In situ hybridization and immunohistochemical localization.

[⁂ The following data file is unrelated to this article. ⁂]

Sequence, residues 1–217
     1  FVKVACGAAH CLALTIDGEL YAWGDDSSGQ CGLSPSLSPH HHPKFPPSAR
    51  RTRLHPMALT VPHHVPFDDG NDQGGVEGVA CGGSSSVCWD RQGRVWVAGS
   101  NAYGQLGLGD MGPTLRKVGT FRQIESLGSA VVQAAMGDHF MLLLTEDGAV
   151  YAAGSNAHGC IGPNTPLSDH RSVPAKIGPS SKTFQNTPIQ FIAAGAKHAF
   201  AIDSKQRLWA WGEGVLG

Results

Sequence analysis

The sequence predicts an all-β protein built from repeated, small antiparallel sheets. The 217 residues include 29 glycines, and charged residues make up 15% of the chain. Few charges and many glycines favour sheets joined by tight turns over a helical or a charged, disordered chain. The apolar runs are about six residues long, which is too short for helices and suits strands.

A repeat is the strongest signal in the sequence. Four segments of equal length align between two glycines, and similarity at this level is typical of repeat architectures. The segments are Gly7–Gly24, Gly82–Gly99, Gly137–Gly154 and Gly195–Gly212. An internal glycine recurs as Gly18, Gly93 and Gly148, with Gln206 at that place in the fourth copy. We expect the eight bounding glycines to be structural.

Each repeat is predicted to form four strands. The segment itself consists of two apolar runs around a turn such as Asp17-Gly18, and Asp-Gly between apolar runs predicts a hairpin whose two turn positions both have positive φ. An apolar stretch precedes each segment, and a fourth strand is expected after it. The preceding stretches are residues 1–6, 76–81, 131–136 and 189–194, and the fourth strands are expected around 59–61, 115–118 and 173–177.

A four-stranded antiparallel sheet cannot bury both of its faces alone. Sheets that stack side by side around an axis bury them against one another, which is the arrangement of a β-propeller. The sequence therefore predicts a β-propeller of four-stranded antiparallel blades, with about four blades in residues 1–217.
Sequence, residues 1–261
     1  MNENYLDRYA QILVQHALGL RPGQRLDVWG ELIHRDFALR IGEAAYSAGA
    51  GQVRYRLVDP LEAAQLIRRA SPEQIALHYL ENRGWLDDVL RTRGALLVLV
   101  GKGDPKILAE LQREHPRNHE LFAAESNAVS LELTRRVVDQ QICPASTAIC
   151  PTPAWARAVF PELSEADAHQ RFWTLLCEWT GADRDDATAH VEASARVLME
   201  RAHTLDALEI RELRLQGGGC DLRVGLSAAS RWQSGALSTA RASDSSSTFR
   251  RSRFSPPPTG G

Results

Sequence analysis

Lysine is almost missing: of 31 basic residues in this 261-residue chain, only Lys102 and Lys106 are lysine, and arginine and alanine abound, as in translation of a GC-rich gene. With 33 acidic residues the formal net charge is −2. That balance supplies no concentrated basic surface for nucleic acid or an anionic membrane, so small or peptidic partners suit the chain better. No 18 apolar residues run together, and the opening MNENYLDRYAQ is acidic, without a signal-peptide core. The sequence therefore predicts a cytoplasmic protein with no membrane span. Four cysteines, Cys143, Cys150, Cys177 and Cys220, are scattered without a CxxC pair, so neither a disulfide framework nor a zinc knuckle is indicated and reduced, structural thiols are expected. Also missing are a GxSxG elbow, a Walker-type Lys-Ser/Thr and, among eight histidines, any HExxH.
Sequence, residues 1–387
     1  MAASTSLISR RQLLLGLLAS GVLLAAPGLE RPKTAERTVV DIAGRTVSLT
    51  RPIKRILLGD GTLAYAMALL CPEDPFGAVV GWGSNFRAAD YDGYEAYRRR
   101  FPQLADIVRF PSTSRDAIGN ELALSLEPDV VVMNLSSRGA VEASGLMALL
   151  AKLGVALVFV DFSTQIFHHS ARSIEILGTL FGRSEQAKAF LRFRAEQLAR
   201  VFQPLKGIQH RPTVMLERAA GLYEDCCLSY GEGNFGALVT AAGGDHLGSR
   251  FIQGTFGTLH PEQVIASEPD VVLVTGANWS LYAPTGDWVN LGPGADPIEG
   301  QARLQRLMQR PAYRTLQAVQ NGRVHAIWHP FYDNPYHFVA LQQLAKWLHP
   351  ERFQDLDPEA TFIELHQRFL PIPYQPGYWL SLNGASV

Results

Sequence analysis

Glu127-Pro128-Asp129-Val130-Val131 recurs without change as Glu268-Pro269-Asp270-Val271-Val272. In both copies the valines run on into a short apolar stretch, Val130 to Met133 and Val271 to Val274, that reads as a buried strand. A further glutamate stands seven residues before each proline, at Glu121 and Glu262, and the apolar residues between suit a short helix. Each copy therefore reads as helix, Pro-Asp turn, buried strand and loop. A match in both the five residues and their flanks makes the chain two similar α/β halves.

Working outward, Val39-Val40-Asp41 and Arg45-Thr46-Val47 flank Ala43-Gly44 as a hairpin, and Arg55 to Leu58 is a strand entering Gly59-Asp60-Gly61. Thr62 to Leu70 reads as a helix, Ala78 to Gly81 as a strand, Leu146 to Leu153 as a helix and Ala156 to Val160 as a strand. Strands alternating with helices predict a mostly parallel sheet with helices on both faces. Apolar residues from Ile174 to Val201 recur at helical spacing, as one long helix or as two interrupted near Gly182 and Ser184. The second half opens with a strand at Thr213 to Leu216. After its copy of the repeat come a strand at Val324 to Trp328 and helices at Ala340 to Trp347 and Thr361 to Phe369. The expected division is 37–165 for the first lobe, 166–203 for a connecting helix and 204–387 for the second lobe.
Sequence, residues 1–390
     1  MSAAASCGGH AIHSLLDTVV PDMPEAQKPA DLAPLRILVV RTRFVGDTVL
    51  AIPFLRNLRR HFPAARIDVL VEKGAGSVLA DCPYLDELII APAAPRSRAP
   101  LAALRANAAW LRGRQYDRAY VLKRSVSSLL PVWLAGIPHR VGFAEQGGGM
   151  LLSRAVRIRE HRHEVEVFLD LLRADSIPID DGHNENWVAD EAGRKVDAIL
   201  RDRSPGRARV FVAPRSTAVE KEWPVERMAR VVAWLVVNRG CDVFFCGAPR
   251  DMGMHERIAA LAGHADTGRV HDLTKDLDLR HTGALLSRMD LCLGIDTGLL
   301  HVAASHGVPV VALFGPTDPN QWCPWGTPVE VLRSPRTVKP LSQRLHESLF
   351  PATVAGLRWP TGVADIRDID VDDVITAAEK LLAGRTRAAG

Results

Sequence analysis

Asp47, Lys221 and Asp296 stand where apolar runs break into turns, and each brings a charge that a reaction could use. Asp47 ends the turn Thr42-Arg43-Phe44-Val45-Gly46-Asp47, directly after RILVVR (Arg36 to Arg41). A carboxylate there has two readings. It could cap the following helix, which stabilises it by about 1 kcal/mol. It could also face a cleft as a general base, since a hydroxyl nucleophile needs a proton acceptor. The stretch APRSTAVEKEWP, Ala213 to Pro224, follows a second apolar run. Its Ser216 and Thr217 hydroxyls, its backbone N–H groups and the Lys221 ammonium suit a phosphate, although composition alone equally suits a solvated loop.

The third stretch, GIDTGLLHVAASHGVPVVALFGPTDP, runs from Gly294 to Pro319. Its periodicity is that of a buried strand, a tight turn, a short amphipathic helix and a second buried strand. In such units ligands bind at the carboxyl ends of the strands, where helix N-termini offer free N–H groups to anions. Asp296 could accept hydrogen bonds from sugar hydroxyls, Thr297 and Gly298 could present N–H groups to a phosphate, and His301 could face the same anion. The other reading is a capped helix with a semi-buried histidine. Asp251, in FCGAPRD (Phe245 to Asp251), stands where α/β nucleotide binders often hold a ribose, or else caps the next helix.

Immunohistochemistry (Fig. 5) and in situ hybridization (Fig. 6) revealed an identical distribution pattern for the mRNAs of mfNBCe1, mfSlc26a6A, and mfSlc26a6B and their protein products in the epithelial cells of SW mefugu anterior intestine. By immunohistochemistry, relatively strong signals were observed in almost all epithelial cells in segment a (defined in Fig. 1B). In higher-magnification images (Fig. 5A, c, f, and i), basolateral localization of mfNBCe1 and apical membrane localization of mfSlc26a6A and mfSlc26a6B are evident. This polarized localization of the HCO3− transporters was much more clearly demonstrated by immunofluorescence microscopy (Fig. 5B). Antisera specificity was established by specific staining of mammalian culture cells (COS-7) exogenously expressing the antigens (see Fig. S1 in the online version of this article). The results of in situ hybridization were consistent with those of immunohistochemistry, showing positive signals in columnar epithelial cells (Fig. 6).